What’s happening today is quite unlike the “Contract With America” movement of the 1990s. The tea party is a grass-roots movement of people deeply dissatisfied with the United States’ social, cultural and economic evolution over several decades. It’s crucial to understand that they blame both parties for this degeneration. In a recent Gallup survey, an astounding 43 percent of tea party activists had an unfavorable view of the Republican Party; only 55 percent had a favorable view. They see themselves as insurgents within the GOP, not loyal members. The breakdown of party discipline coupled with the rise of an extreme ideology are the twin forces propelling the current crisis.
This explains why the Republican Party has seemed so unresponsive to its traditional power bases, such as big business. Part of the problem is that businesses have been slow to recognize just how extreme the tea party is. (They remain stuck in an older narrative, in which their great fear is Democrats with ties to unions.) But even if big business got its act together, it’s not clear that the radicals in the House of Representatives would care. Their sources of support, funding and media exposure owe little to the Chamber of Commerce.
This is a remarkable reversal. The GOP used to be a party that believed in hierarchy. The Democrats were the loose coalition of assorted interests with little party discipline. For the past three decades, Democrats have nominated outsiders — George McGovern, Jimmy Carter, Bill Clinton, Barack Obama. Republicans, by contrast, always nominated the guy who had waited his turn — George H.W. Bush, Bob Dole, John McCain, Mitt Romney. And today, the Republicans are dominated by the tea party, which has no organized structure, no platform, no hierarchy and no leader.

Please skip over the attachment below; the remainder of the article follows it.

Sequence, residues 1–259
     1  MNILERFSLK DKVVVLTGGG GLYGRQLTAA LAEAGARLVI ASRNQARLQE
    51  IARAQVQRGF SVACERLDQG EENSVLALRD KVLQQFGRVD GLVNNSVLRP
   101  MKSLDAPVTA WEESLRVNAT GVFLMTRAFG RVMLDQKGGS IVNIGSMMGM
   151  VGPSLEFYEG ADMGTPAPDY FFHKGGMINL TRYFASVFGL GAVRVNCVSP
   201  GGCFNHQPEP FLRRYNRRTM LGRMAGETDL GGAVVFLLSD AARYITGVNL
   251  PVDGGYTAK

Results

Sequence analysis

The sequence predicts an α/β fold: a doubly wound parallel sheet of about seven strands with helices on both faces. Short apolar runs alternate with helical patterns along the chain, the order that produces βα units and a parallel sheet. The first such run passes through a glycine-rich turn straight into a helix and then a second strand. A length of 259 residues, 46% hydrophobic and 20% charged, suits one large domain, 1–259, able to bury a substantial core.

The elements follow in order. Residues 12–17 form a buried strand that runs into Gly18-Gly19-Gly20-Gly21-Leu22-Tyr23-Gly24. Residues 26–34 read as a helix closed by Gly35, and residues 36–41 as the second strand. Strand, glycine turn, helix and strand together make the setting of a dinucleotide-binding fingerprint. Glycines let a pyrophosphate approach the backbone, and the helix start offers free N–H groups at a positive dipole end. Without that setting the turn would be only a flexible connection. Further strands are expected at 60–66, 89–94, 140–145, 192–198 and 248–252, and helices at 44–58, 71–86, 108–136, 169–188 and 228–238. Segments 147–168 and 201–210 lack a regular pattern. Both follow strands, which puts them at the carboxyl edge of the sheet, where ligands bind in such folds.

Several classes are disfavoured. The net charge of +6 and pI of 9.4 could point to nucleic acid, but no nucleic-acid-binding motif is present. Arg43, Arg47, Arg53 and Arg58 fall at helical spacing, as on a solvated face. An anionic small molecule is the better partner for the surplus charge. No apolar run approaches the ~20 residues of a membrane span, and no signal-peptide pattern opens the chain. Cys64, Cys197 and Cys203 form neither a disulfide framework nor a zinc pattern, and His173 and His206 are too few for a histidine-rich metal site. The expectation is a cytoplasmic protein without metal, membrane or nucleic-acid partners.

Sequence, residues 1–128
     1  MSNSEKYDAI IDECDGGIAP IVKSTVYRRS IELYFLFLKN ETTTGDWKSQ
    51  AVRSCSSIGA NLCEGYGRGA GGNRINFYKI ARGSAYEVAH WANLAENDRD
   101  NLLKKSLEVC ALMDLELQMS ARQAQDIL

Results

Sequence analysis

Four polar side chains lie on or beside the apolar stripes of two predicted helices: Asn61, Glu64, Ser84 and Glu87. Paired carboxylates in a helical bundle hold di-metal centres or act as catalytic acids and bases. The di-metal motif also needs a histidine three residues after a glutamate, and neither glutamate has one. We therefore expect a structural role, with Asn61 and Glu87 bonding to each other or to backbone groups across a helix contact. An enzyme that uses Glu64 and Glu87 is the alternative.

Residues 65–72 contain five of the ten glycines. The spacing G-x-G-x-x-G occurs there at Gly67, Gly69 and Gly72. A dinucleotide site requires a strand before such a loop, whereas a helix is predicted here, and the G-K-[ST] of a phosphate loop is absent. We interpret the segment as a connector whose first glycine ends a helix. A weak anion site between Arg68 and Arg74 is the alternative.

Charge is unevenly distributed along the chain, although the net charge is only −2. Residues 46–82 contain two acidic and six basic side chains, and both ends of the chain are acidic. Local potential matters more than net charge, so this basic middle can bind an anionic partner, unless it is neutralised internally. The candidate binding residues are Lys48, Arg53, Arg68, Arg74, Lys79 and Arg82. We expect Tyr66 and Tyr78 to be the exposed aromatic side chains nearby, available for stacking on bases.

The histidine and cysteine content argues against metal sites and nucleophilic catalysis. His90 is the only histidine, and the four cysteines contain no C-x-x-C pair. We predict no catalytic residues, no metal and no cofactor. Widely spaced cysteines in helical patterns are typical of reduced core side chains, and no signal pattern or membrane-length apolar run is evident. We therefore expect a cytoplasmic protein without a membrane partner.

This story began in the 1970s: As political primaries proliferated, party establishments declined. (It happened first to the Democrats, which might be why we are seeing this delayed reaction on the right.) But more recent technological and organizational changes have accelerated the shift, making it easier for outsiders to raise funds, get access to free media and establish direct connections with voters. In his book “The End of Power,” Moises Naim points out that traditional parties are declining everywhere. In Europe, for example, the Social Democrats, Germany’s oldest political party, are a shell of their former self, and new groups and parties have emerged.
At some point — probably after electoral defeat — Republicans might come to their senses. Ideological shifts come and go, but the “decay” of power (in Naim’s phrase) is moving in one direction and will continue to transform politics. The design of the American political system allows many opportunities for gridlock and paralysis, and these will only multiply unless there is a dramatic change. Without organization and leadership, government becomes difficult, and self-government becomes close to impossible. The legendary political scientist Clinton Rossiter once proclaimed, “No America without democracy, no democracy without politics, no politics without parties, no parties without compromise and moderation.” Let’s hope he was right about the last part.
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